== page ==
“Main ports” are ports handling more than 1 million tonnes of goods annually (however, data for some smaller ports may be included in the published results). Data are presented at level of “statistical ports”. A statistical port consists of one or more ports, normally controlled by a single port authority, able to record ship and cargo movements. All tables are based on ports’ total (inward + outward) declarations. The results represent the "handling" of goods in ports.
The “short sea shipping” aggregate (in Table 5) includes partner ports situated in geographical Europe, on the Mediterranean and the Black Sea. “Deep sea shipping” is the complementary geographical aggregate. A more extensive definition of “short sea shipping” is available in the article Maritime transport statistics - short sea shipping of goods.
The concept of maritime transport trade (in Table 7) is defined using the following three variables:
- Direction: “inward” transport is distinguished from “outward” transport.
- Partner geographical area: usually this corresponds to one country, with the exception of countries of such a size and/or geographical position that the location of individual ports may be quite different and may have a strong impact on the maritime route followed. For example, the ports of the United States of America are grouped in two geographical areas: "East coast" (including Atlantic, Gulf of Mexico, Great Lakes and Puerto Rico) and "West coast" (Pacific).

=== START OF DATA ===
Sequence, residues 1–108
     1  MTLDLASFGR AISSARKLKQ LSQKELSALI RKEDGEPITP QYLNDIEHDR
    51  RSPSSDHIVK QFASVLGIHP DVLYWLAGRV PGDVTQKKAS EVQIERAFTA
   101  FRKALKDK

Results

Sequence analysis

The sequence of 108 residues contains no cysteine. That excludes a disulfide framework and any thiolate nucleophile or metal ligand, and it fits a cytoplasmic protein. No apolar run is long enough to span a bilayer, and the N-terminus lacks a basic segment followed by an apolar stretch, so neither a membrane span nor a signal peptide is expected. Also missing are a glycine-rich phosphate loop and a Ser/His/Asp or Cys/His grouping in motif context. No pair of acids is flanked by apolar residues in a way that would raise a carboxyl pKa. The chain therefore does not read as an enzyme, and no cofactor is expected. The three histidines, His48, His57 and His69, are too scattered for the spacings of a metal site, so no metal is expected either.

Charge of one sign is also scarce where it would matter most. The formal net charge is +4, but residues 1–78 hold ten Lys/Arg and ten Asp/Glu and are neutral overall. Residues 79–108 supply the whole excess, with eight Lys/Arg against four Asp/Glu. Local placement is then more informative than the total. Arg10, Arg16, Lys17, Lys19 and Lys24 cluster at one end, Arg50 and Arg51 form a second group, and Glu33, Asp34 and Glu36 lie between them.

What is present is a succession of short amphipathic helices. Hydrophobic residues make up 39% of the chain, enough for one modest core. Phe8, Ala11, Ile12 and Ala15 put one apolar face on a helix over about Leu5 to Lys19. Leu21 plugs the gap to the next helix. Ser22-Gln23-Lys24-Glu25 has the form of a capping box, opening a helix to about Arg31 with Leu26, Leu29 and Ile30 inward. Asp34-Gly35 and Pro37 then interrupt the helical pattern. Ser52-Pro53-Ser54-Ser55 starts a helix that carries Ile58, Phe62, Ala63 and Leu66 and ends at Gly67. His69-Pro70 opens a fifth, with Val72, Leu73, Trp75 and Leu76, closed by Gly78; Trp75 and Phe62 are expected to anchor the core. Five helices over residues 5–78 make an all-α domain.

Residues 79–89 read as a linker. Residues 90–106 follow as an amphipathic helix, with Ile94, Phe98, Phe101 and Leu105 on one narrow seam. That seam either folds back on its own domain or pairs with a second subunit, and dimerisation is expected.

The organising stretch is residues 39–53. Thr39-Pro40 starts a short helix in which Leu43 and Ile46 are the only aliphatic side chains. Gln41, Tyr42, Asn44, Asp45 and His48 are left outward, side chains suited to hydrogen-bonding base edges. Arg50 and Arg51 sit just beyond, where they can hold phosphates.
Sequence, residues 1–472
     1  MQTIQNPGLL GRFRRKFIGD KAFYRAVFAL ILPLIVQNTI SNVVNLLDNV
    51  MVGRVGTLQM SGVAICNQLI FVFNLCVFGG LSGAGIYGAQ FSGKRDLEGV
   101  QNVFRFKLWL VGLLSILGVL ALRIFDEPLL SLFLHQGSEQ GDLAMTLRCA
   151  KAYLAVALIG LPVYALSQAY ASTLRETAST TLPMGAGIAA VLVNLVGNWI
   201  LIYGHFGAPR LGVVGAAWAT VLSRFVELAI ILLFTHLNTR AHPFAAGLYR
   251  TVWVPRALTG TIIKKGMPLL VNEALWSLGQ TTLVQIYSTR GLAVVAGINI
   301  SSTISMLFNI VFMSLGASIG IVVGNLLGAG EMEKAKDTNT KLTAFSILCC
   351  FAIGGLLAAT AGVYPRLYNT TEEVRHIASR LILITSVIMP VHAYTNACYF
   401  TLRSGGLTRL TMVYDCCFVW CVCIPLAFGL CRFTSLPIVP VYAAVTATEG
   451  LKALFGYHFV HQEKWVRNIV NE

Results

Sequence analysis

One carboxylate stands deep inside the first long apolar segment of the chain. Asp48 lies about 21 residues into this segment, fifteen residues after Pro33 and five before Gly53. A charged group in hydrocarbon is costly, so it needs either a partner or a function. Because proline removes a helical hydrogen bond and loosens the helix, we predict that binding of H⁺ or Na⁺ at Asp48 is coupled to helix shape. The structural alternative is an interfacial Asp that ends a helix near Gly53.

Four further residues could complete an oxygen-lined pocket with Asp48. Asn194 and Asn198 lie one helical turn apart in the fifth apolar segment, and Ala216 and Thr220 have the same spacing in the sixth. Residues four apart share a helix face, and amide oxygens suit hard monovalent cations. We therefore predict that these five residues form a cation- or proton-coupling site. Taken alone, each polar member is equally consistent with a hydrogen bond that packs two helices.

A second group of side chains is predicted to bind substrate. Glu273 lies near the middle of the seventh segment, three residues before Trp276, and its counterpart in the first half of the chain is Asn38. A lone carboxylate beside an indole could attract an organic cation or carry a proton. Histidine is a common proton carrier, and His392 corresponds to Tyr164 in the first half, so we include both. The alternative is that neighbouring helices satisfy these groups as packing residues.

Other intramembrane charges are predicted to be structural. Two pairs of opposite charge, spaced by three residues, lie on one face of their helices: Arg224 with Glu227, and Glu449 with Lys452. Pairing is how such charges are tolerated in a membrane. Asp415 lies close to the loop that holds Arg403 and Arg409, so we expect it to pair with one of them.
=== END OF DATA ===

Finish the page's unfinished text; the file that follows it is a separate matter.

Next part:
- Type of cargo: the following thirteen cargo types are used in Table 8: liquefied gas, crude oil, oil products, other liquid bulk goods, ores, coal, agricultural products, other dry bulk goods, large containers, Ro-Ro mobile units, forestry products, iron/steel products and other general cargo. The first four types constitute "liquid bulk", the subsequent four types "dry bulk", and the last three types "other general cargo not elsewhere specified", as presented in Tables 3 and 9 to 13.
|Nes||Not elsewhere specified|
|TEU||Twenty-foot Equivalent Unit|
Quarterly data are in general provisional. Revisions may be made by countries as more complete information becomes available or as a result of quality checks. More specifically, when the complete set of annual data emerges, this usually involves some revision of quarterly data for some countries. This applies particularly to the quarterly estimates of port traffic by type of cargo, which are less robust than the annual totals.
Annual data as presented in this publication are the “rolling” four quarter totals ending in the latest quarter and the corresponding four quarters for earlier years. As a result, the four quarters included do not necessarily come from the same calendar year. For example, the ‘annual’ growth rate in Figure 1 shows the percentage change for the four quarters ending in the 3rd quarter of 2017 compared with the four quarters ending in the 3rd quarter of 2016.